There are a few things in life that are always a nice surprise: a letter from a friend, a gift of flowers, the toy inside a Kinder egg--and discovering that something you initially weren't too fond of is worth liking after all. After hating the last two Sookie Stackhouse books I was pleasantly surprised to find that Dead to the World isn't bad. Nope, it ain't too bad at all.
Not that it's all flowers and Kinder eggs, either, but we'll get to that in a bit. First, the good stuff.
Hopefully most of us wouldn't stop in the middle of the night to pick up a near-naked strange man by the side of the road. So, of course, that's exactly what Sookie does as she's driving home from Merlotte's after work. Luckily the strange man is Eric, although he's not quite himself. It turns out he was cursed by witches and has forgotten who he is (although somehow he still knows he's a vampire). Witches who also happen to be weres with a taste for vampire blood, to be specific, and now they're out hunting for him. Some convoluted exposition later and Sookie is hired (with quite the salary) to keep Eric safe at her place until the witches can be found and dealt with. Meanwhile Sookie also has her hands full with ongoing trouble from Debbie Pelt, dead and wounded Shreveport weres, her not-entirely resolved feelings for Bill (conveniently off in Peru for most of the book), the unexpected attentions of a local were, an unusual "Supe" named Claudine, and--oh yeah--the disappearance of her brother, Jason. She's got a lot going on for a small-town girl with a limited social circle.
*There's a touch less exposition in this book than in the previous ones--always a plus. Also, Harris seems to be cutting down on the mundane details (I don't think she mentioned anyone's socks once this time! Although the clothes are still tragic).
*Eric with memory loss is pretty likable. Eric with memory loss hooking up with Sookie, well, that's just a bit of gravy (apparently he's a Viking in the sack--ha ha).
*There's some actual tension in the story!
*Sookie's horrible perma-smile seems to be slowly fading away.
*There are some good descriptive bits (mostly around the magic used). The books could use more of that.
*It's an interesting plot device to have the love interest (sex interest?) temporarily lose his memory so the heroine can hook up with him without any boring long-term commitment.
*Bubba is actually kind of growing on me. I have no idea how this happened.
*Bonus points for mentioning Buffy and Angel, although describing receiving the first season of Buffy as a "gag gift" is not cool.
*There's still too much exposition and mundane detail.
*The resolution with Eric is kind of sad.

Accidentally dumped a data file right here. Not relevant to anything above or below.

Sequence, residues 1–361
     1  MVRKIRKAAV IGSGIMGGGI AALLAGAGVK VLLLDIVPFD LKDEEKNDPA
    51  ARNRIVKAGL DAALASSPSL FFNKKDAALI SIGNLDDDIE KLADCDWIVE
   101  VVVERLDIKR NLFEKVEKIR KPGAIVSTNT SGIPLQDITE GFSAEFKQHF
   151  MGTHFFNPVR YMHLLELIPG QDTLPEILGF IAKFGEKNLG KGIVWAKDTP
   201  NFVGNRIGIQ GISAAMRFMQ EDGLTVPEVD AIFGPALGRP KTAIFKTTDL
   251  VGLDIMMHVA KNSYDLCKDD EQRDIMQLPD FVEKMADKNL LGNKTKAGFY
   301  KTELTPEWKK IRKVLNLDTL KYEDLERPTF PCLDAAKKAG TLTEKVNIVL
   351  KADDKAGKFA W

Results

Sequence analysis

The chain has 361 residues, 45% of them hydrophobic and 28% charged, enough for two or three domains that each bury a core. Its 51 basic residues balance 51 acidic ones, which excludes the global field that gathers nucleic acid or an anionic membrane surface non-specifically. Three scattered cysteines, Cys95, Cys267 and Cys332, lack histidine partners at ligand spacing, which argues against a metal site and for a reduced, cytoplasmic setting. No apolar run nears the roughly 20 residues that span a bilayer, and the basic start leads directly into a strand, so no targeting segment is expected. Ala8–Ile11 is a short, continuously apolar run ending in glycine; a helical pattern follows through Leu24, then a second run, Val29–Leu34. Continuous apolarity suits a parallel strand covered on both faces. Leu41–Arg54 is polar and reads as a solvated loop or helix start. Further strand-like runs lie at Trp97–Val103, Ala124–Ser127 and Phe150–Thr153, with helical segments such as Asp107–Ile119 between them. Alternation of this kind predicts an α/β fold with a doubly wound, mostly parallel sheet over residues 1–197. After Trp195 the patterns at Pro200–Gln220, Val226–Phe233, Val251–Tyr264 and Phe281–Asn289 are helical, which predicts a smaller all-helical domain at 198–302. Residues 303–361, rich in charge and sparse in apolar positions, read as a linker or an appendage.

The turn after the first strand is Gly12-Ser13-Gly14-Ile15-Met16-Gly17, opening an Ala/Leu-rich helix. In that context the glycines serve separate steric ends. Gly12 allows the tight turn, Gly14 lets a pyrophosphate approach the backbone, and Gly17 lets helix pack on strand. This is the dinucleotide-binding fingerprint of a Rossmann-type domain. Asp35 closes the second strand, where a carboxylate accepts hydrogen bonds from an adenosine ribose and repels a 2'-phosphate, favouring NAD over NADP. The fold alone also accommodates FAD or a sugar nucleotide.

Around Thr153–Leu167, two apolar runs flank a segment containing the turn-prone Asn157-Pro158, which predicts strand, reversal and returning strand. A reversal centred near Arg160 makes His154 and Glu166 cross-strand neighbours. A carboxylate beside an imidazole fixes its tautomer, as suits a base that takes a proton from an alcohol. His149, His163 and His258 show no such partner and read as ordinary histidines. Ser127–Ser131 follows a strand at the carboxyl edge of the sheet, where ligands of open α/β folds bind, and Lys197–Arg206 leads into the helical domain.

*The battle with the bad guys was seriously anti-climactic (although it occurred to me that these aren't the sort of climaxes romance readers are necessarily interested in anyway).
*I was hoping the Jason storyline would be stretched into the next book, but it ends up resolved (also anticlimactically).
*The Wiccan bits sound like Harris is summarizing Wicca for Dummies. And she still manages to sound slightly insulting/condescending toward Wiccans and witches.
*Ongoing editing issues, e.g. "Bon Temp's." Also this line: "They're Wiccans. They're evil," probably was supposed to read "They're Wiccans. They're not evil." At least, I hope so (although I kind of wonder if that might not have been a Freudian slip on Harris's part).
*I think somebody pointed out certain plot holes to Harris and she scrambled to "fix" them in this book. Suddenly (and clumsily) we're told that Bubba can enter without an invitation because he's brain damaged and so doesn't really register as a vampire. So, can he also withstand sunlight? Can he eat real food? Can Sookie hear his thoughts? Vampires, as described in the books, are creatures of magic--what do brain patterns have to do with anything? Lame, lame, lame.
*There's an Italian character nicknamed "Dago" and not a thing is mentioned about it. Um...
*Harris seems to have an underlying belief that anyone who isn't Christian couldn't possibly be moral or inherently good.
Okay, so Dead to the World is not without its problems. But there's a tiny glimmer of hope that Harris is catching on and slowly improving. I'm looking forward to the next book, but in a reserved sort of way. Because there's nothing more disappointing than when something you've just started liking suddenly goes downhill.
Appearance: Very pale humans with long fangs that extend or retract at will (or when a vampire gets excited). Some vampires have glowing eyes. Vamps also have glowing skin, which apparently only Sookie can see.
Strengths: Super strength, speed. Fast healing. Can take a bullet without any lasting damage. Some can fly.
Weaknesses: Sunlight/daytime, stakes. Because they're creatures of magic they're susceptible to magic used against them. They're vulnerable to being drained by V addicts and dealers (and if the vamp isn't killed it takes years for them to recover from a draining).
Mythology: When a vampire's maker calls they must respond. They need an invitation into a private residence, and must immediately leave if the invitation is verbally rescinded. Vampires are creatures of magic (except when they're not, apparently) and are susceptible to magic worked on them.
"Draining was a hazardous job, of course. Sometimes the vampire got loose, with a very predictable result. A court in Florida had ruled this vampire retaliation justifiable homicide..."
"Oh, God, puppy dog eyes. From a six-foot-five ancient Viking vampire."
Want to see what I had to say about the previous books?
Dead until Dark
Living Dead in Dallas
Dead to the World by Charlaine Harris. From Penguin (Ace Books).